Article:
When McTear was a student at University of Alabama Law School, she was deeply involved in service activities, which instilled in her a discipline to give back to her community and underserved individuals. When she graduated, she worked for Legal Services Alabama, a nonprofit that serves low-income people by providing civil legal aid and by promoting collaboration to find solutions to problems of poverty.

“I always had a heart for volunteerism and it made sense to use my legal education to give legal services to those who couldn’t afford lawyers and to represent domestic violence victims in civil cases,” McTear said. 

Once McTear began working for Legal Services Alabama, she met and connected with other legal professionals who were also heavily invested in pro bono work. She began working on nonprofit boards and Alabama State Bar committees and task forces. Before coming to Jones, McTear was appointed to serve as president of the Montgomery Volunteer Lawyers Program, a position she has held for the past five years. 

Kelly McTear
Kelly McTear

Because of her involvement in pro bono work and connection in the field throughout the state, McTear was a natural fit for Faulkner Law, and she has inspired and helped facilitate numerous pro bono activities at the law school including in-person and virtual community clinics for law students through JPILF within the local area and across the state. 

As a part of JPILF’s student organization, Peters had the opportunity to attend several networking events with various legal organizations and attorneys in the area including the Alabama State Bar Board of Commissioners. There they were able to network with attorneys from all over the state of Alabama and also joined the Autauga County CASA (Court Appointed Special Advocate) volunteer network. CASA trains volunteers to act as non-legal advocates for disadvantaged children in Alabama’s juvenile court system.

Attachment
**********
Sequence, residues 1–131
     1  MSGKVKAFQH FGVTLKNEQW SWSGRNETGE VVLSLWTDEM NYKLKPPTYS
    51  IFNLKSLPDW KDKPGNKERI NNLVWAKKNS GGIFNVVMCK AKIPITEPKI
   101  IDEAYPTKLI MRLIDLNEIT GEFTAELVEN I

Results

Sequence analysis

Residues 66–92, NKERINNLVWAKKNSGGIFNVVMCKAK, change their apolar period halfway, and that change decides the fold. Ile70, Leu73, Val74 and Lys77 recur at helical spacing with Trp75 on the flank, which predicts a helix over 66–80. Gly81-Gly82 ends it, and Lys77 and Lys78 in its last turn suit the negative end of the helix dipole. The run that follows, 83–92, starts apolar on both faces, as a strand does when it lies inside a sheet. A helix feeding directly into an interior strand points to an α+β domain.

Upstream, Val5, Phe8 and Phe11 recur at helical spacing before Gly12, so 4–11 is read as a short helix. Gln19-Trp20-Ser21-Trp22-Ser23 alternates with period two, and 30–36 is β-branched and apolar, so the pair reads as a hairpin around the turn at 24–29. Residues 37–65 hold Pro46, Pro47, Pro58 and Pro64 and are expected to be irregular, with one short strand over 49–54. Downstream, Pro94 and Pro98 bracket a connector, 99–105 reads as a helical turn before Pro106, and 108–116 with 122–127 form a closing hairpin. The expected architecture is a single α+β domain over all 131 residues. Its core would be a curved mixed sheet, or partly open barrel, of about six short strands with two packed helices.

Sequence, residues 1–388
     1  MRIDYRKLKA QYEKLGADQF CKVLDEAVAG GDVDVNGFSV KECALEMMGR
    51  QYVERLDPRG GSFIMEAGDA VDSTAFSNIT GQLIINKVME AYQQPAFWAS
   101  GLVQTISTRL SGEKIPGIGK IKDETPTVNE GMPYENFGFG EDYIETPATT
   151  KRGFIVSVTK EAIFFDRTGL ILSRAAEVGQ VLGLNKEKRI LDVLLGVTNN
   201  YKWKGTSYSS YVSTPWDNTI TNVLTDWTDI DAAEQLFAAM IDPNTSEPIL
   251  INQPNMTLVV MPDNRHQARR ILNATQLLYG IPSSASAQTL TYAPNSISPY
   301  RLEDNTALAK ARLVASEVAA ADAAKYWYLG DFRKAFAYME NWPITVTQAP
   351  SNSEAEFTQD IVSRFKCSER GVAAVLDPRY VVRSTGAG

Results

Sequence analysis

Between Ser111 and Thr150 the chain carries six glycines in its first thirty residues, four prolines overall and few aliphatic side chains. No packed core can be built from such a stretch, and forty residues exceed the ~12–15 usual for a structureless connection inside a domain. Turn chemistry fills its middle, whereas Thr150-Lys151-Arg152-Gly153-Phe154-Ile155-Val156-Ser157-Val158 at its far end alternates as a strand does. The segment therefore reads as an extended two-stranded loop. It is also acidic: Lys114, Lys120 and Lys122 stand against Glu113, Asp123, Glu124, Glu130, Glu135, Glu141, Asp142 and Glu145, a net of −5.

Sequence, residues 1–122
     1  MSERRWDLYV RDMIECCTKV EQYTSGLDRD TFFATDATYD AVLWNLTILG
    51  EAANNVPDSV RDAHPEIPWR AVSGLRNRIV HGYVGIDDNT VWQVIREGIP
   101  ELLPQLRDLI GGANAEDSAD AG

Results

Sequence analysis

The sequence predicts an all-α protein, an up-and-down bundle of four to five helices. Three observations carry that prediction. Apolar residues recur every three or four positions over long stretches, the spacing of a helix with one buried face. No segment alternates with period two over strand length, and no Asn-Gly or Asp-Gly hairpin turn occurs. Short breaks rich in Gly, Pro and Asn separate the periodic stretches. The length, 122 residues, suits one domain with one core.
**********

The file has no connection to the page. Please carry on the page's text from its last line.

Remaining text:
“CASA has given me the chance to represent two children who have been under the care of DHR in court,” Peters explained. “Public service is such an important part of being a lawyer and having the opportunity to join these programs while in school has given me the chance to meet and work with many influential attorneys who practice within the public service arena.”

“Our students come to law school because they want to help people,” McTear said. “There’s no reason why they should delay that until after they graduate. Let’s make it happen now while they’re still students. That’s why I help connect our students, through JPILF and other law school initiatives, with those who are already doing pro bono work in the community including lawyers who are influential in legislative advocacy and private attorneys doing pro bono work. These legal lions have been so willing to come speak to our students and show them what volunteerism looks like after law school. It’s rewarding, it’s fun and they can start right now.”

In addition to direct community assistance, JPILF students fundraise to provide students interested in summer pro bono work with a public interest summer stipend program. Students interested in benefiting from the program must apply and awards are given on a competitive basis.

“Giving back is a very rewarding experience, and helping others in need is the core part of the legal profession,” Whitney said. “I would encourage everyone to get involved with JPILF and get involved with different volunteer opportunities in your community, in government, and in the legal profession.”

Faulkner Law’s JPILF is open to all law students.

 l-r Faulkner Law professor John Craft, and 3L law students Whittney Clark and Wala Hijaz pose for a mock consultation at the Faulkner Law Elder Law Clinic.
l-r Faulkner Law professor John Craft, and 3L law students Whittney Clark and Wala Hijaz pose for a mock consultation at the Faulkner Law Elder Law Clinic.